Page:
Conservatism is growing in America, but did you know that the same is happening in Japan? And how is it approaching increased Chinese aggression? On American Thought Leaders, Epoch Times senior editor Jan Jekielek sat down with Jay Aeba, Chairman of the Japanese Conservative Union (JCU), which is closely modelled after its American Equivalent, the ACU.
Jan Jekielek: Jay, it’s wonderful to have you back here on American Thought Leaders.
Jay Aeba: Yeah, nice to meet you again.
Mr. Jekielek: You are here just for a few days again. What brings you here? What exciting plans do you have?
Mr. Aeba: At the end of August, for the third time, we’ll be co-hosting J-CPAC in Japan with the ACU. I’m visiting this time for various presentations about this.
Mr. Jekielek: Fantastic. Tell me a little about what conservatism in Japan is all about. How is it different from in America?
Mr. Aeba: That’s a very important question. As you know, Japan has a history that’s more than 3000 years old. To protect the country’s traditional system is the most fundamental thing. However, some aspects of these traditions are bound to change, over the course of history and interactions with the world. I found, in these aspects that have changed, there are things in common with American conservatism, through many discussions with the chair and Secretary at the ACU. May I talk about that here?
Mr. Jekielek: I would love that.
Mr. Aeba: The first point is that we love a free economy. Then, the second point is that we love democracy. And the third point is that having a free economy and democracy leads to preferring a smaller government. It means it’s better to have a small government rather than a big government. And a very important viewpoint in conservatism, which is shared by Japan and America, is “self-responsibility.” I protect my own house. We protect our own society. We protect our own country. These are the sorts of values we find in Conservatism. And this brings us to the next pillar; to strengthen national security–this is one way of thinking as well.
Mr. Jekielek: It’s interesting. You mention national security. Because obviously the big great question mark now is China. And the US is taking a new approach to China compared to the past. I wanted to know what you think and how that is compatible with what you are doing or not doing in Japan.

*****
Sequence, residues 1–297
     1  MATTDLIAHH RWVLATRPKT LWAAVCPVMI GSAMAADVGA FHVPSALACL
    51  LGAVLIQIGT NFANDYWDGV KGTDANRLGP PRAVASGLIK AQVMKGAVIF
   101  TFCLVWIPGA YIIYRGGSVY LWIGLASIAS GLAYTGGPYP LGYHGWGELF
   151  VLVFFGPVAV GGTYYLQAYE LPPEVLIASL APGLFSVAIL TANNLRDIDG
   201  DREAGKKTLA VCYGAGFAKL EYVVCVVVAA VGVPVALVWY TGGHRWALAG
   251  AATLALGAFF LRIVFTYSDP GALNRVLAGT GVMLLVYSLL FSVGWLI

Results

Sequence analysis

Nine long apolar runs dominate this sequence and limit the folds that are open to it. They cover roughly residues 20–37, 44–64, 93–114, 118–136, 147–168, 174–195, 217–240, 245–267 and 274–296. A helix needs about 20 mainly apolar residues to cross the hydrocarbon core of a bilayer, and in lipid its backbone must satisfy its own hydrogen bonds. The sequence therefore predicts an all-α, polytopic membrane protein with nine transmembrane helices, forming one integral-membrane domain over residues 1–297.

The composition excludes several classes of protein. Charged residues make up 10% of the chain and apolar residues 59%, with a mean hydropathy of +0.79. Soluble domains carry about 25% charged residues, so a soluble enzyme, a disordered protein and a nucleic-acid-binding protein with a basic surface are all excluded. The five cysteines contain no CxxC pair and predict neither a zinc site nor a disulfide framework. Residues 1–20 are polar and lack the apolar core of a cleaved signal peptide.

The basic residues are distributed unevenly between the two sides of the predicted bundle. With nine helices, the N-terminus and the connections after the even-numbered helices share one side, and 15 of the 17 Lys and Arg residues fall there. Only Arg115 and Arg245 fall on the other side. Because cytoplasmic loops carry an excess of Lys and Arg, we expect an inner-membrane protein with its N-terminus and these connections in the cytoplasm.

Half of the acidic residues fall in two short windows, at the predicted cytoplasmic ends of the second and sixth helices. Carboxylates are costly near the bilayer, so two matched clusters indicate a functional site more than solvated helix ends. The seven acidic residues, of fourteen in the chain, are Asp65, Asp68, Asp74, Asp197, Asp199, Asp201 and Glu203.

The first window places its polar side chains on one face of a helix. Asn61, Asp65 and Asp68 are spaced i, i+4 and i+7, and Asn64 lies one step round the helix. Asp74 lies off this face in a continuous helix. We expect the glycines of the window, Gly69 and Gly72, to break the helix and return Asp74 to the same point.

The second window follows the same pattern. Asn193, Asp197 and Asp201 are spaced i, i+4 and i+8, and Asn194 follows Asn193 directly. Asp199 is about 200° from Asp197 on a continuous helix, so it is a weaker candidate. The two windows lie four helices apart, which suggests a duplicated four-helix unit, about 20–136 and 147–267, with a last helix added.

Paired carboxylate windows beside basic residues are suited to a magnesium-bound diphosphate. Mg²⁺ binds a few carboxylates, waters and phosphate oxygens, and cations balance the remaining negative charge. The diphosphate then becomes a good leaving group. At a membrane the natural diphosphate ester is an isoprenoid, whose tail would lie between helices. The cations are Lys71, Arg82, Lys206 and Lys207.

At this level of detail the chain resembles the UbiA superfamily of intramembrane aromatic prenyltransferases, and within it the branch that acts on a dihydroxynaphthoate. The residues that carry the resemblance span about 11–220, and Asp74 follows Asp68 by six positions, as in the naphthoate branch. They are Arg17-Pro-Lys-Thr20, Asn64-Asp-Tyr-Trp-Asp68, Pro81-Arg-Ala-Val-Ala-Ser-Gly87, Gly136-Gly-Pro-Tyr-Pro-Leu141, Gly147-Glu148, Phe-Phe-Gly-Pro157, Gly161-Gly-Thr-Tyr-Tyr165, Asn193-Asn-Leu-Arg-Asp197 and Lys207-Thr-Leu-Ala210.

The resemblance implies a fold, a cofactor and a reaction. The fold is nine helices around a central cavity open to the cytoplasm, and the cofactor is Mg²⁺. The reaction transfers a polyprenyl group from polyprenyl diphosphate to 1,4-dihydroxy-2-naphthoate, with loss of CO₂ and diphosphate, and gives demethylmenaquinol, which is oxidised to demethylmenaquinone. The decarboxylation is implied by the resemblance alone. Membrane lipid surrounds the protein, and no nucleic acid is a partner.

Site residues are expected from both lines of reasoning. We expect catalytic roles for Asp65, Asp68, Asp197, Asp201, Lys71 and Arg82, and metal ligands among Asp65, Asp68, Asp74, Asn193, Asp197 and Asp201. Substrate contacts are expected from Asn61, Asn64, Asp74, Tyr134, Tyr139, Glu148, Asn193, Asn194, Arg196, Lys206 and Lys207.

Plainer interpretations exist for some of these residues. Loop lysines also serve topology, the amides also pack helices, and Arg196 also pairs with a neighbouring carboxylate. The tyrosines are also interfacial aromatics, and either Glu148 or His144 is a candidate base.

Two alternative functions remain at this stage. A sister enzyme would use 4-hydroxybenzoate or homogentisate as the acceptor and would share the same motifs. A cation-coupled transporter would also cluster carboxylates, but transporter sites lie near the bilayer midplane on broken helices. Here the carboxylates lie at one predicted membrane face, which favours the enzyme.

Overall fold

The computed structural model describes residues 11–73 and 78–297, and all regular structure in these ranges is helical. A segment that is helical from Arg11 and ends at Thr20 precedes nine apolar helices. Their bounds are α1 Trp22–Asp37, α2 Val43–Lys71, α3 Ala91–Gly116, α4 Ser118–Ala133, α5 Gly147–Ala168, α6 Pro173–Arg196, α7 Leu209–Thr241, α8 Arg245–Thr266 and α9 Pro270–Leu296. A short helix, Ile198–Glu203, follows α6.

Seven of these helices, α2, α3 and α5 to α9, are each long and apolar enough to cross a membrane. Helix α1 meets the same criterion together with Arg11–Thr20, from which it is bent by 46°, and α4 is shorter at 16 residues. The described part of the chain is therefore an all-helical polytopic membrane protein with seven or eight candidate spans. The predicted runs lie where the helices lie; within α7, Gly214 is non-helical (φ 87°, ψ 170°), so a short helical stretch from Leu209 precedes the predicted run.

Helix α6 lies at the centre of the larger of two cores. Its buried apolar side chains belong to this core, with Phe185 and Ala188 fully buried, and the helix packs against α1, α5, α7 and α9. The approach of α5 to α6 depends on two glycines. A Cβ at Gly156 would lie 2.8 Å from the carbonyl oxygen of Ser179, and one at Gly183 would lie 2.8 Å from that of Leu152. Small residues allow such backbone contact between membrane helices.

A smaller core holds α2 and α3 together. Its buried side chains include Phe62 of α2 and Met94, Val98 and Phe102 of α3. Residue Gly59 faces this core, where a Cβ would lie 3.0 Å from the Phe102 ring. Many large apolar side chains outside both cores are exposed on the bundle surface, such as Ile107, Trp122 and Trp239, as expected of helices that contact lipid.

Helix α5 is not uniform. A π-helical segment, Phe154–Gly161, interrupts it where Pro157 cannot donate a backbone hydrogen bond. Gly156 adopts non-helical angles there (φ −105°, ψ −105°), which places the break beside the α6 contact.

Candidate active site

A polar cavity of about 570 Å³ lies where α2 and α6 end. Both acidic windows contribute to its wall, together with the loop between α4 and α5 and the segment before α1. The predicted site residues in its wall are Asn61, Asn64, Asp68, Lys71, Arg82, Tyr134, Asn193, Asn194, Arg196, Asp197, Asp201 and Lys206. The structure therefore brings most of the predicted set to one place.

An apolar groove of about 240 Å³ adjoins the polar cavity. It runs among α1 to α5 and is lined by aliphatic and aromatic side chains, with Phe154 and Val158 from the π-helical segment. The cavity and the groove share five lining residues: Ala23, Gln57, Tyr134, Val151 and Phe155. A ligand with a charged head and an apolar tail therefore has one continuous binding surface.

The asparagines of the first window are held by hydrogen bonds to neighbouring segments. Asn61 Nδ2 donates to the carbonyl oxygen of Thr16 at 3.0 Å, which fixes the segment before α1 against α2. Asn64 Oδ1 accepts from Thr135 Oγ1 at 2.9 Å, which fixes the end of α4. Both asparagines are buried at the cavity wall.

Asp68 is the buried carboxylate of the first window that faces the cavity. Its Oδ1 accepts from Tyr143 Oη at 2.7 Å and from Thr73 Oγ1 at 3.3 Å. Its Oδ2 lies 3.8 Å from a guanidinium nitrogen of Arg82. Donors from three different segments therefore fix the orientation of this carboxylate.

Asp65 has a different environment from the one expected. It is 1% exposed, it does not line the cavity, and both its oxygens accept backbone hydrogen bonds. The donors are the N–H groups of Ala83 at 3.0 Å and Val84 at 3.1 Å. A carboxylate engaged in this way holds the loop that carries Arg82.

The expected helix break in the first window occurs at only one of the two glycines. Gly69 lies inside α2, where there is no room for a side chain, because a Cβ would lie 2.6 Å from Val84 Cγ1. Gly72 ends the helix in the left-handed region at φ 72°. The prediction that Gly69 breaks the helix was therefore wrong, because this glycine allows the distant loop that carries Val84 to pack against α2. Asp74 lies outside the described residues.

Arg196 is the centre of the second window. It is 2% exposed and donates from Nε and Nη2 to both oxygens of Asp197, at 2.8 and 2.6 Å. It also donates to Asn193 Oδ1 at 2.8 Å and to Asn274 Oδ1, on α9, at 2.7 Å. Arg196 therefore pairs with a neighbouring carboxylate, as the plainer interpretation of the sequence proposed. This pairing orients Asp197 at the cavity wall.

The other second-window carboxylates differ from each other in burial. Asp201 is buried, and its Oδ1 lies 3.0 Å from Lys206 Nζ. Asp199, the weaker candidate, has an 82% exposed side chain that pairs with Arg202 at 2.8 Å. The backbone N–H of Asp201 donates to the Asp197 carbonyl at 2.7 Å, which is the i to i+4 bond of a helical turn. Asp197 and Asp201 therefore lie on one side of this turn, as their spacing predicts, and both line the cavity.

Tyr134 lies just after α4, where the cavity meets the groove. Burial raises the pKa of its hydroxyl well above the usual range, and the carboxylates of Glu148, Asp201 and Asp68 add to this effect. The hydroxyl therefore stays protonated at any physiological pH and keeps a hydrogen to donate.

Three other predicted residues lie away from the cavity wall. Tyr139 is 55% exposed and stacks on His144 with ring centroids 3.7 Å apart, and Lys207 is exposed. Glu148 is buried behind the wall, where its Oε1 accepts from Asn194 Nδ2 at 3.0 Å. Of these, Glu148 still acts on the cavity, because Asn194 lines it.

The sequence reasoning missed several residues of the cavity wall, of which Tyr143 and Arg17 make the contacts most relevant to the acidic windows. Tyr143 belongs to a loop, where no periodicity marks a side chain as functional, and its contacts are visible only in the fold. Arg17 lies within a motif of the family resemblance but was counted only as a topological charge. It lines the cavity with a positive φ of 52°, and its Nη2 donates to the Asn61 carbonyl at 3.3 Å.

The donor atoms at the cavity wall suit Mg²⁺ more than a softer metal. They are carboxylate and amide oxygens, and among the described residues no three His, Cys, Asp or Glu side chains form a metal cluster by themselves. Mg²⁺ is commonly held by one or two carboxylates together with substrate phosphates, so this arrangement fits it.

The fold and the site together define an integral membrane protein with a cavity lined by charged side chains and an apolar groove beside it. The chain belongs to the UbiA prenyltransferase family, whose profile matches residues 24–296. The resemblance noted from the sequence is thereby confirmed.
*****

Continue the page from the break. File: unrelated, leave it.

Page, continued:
Mr. Aeba: This is also a very important viewpoint. When I was debating various topics with conservative people and relevant people mainly in Washington DC from 2011 to 2012, about 7 to 8 years ago, the threat of China was not debated so much in the U.S. However, the more enthusiastically I talk to people, the number of people with this view has gradually increased. CPAC started to address Asian issues, and Chinese issues in Asia, about 4 years ago. And the Trump Administration has come to recognize China as a very big threat. They are a threat to America and Asia, and of course, to Japan–this is the viewpoint.
Mr. Jekielek: What about J-CPAC? Is this going to be a big topic at the upcoming J-CPAC?
Mr. Aeba: Yes that’s right. In J-CPAC, we will discuss big issues, regarding the threat from China, like national security issues, trade issues, economic issues, and intellectual property issues.
Mr. Jekielek: I’m thinking about the China issue still. So talking about the China issue, the perspective that JCU and you are bringing you to Japanese society, is that different from government perspective or the societal perspective in general?
Mr. Aeba: This is also a very important viewpoint. As for the national security issue, for example, I don’t know if you’re aware of this, but Okinawa, which is the most southern island, there is a conflict with China over territorial issues. And in Hokkaido, which is the most northern island, more and more land is being bought up by China. So both Japanese citizens and the Japanese government are feeling a threat. However, regarding the economy, some civilians think Japan cannot survive without the Chinese economy.
The government, too, has two ways of seeing this. In terms of the economy, some think that we must be careful because China is dangerous, while others think that China is important to us. In terms of the economy, the views are split.
Mr. Jekielek: But Japan is also a competitor against China, wouldn’t you say?
Mr. Aeba: That’s right. At the same time, there are interdependent relations. Therefore it’s a very subtle relationship.